The PWM mode

When a Channel is configured in PWM mode the timer can generate a squarewave toggling its I\O line twice per period.

To clarify how PWM mode works let us do a simple example. Let us assume we would like to generate a PWM with a period of 1 kHz and duty cycle 47.5% active high. To do that let configure the timer to run at a frequency of 1MHz. We can then configure the TIMx_ARR to 1000 having a periodic interrupt every millisecond (which is equal to our PWM frequency e.g. 1 kHz) and the TIMx_CCR1 to 475 (where the ratio TIMx_CCR1/TIMx_ARR is equal to our PWM duty cycle).

An example of PWM generation on a single channel

We can also use the same timer to generate another PWM signal having the same period but a different duty cycle. As example configuring the TIMx_CCR2 to 700 we would have

An example of multi PWM generation with more channel

Thus basically with a 4 channel timer we can generate up to 4 PWM signals which have the same period and arbitrary duty cycle.

As each channel has independent Capture\Compare module and shared Auto Reload Register using a timer it possible to generate a PWM signal for each channel having same period but different duty cycle.

Note that when PWM is configured as active high the timer will switch high the channel line on periodic interrupt and low on channel interrupt. On contrary when it is configured in PWM mode active low the timer will set low on periodic and high on channel.

What if we reduce the timer speed from 1MHz to 100kHz? Well we could scale all the previous value by 10 but we would lose resolution on duty cycle. In such case indeed the minimum duty we can set is 1%. Back to the previous example, with these settings, we can set duty cycle to 47% or 48% but not to 47.5%.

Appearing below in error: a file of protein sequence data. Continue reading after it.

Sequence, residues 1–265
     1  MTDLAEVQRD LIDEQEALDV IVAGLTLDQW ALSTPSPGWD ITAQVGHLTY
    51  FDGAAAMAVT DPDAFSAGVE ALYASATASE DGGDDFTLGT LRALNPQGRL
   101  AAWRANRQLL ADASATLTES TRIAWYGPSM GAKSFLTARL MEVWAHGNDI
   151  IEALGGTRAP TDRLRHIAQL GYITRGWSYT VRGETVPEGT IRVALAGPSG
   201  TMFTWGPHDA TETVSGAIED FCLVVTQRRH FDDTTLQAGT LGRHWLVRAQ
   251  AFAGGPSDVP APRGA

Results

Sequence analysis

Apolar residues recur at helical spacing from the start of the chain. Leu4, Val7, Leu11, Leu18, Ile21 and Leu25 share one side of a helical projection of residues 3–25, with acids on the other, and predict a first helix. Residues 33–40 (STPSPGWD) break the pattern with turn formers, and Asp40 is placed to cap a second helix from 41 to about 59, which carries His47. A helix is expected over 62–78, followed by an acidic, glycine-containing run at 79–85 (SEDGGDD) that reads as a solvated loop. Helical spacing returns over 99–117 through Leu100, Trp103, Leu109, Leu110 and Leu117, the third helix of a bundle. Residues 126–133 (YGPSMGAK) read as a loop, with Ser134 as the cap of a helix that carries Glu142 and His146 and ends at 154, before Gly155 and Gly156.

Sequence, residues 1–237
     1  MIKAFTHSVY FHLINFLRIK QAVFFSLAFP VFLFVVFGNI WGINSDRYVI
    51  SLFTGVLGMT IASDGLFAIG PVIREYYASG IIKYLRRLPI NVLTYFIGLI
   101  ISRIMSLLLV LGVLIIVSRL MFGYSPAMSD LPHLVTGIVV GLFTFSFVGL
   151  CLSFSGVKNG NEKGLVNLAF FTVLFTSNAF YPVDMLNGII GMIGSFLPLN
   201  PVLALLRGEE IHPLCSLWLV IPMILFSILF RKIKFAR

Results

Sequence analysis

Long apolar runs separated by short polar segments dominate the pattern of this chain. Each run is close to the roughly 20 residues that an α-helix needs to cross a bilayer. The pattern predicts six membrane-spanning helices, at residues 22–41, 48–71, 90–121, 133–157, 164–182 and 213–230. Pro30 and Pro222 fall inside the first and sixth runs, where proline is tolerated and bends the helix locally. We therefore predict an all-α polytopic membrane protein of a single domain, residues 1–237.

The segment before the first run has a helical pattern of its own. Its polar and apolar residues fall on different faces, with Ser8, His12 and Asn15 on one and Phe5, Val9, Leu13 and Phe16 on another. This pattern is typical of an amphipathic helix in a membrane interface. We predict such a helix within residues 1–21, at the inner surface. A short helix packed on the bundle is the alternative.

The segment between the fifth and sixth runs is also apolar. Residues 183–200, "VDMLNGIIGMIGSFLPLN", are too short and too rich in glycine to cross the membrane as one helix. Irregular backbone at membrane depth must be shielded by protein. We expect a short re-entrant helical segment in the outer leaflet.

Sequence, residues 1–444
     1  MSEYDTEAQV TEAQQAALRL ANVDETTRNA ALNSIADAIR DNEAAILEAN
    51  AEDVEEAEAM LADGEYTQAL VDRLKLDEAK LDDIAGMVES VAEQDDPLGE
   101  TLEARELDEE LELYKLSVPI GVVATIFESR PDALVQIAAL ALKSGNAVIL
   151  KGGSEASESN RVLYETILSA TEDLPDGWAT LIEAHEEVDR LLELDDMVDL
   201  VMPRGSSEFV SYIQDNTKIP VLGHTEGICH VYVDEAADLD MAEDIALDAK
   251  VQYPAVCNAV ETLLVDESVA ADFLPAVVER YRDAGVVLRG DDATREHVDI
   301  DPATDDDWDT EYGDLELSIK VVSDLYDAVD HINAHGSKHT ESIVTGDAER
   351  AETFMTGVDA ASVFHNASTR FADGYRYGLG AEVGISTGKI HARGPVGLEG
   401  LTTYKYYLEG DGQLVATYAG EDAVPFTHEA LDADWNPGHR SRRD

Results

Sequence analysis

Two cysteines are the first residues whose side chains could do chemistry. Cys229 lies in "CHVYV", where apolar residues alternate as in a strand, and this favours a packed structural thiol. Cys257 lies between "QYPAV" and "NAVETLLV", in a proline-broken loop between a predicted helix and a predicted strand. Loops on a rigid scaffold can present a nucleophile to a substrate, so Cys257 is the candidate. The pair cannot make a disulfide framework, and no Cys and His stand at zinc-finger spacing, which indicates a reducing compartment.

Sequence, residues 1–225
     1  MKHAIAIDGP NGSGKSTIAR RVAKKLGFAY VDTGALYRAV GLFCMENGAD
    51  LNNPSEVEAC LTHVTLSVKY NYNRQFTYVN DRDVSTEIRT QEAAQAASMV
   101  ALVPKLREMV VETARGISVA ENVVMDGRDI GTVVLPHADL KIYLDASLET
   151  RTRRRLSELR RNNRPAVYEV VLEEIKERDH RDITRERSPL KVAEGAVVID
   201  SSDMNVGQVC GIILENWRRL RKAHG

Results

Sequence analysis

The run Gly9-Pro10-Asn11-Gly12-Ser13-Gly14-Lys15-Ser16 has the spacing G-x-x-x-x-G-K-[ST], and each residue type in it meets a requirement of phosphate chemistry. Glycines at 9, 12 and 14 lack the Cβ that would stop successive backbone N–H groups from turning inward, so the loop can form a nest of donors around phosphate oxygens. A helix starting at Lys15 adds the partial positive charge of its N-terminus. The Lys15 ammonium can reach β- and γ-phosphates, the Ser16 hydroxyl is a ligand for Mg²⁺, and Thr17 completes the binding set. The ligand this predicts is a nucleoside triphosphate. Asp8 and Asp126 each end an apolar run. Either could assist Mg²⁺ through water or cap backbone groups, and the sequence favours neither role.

The same example previously introduced with reduced resolution

More in general the duty resolution is given by the formula

Duty_{min}=\frac{f_{PWM} \cdot 100}{f_{Timer}}\%

Note that on STM32 usually TIM6 and TIM7 have no channel as they are deputy to act as timing source for internal ADC and DAC.

The ChibiOS PWM Driver

The ChibiOS PWM driver exploits the PWM output mode capability of STM32 TIM to generate PWM signal in hardware offering also the chance to intercept periodic and channel interrupts through callbacks. This allows to generate PWM on arbitrary I/O line not necessarily internally connected to a timer channel with software intervention.

Each API of the PWM Driver starts with the prefix “pwm”. Function names are camel-case, pre-processor constants uppercase and variables lowercase.

Differently from other peripherals Timer is the same across all the STM32 subfamilies. Thus we have only TIMv1.

Different driver same approach

We have presented many driver in this article series and again in PWM driver we can notice same certitudes we got used to dealing with ChibiOS. The design patterns are constant and the PWM driver is organized like every other simple driver of ChibiOS\HAL:

  • The whole driver subsystem can be enabled disabled through the proper switch in the halconf.h. The switch name is HAL_USE_PWM.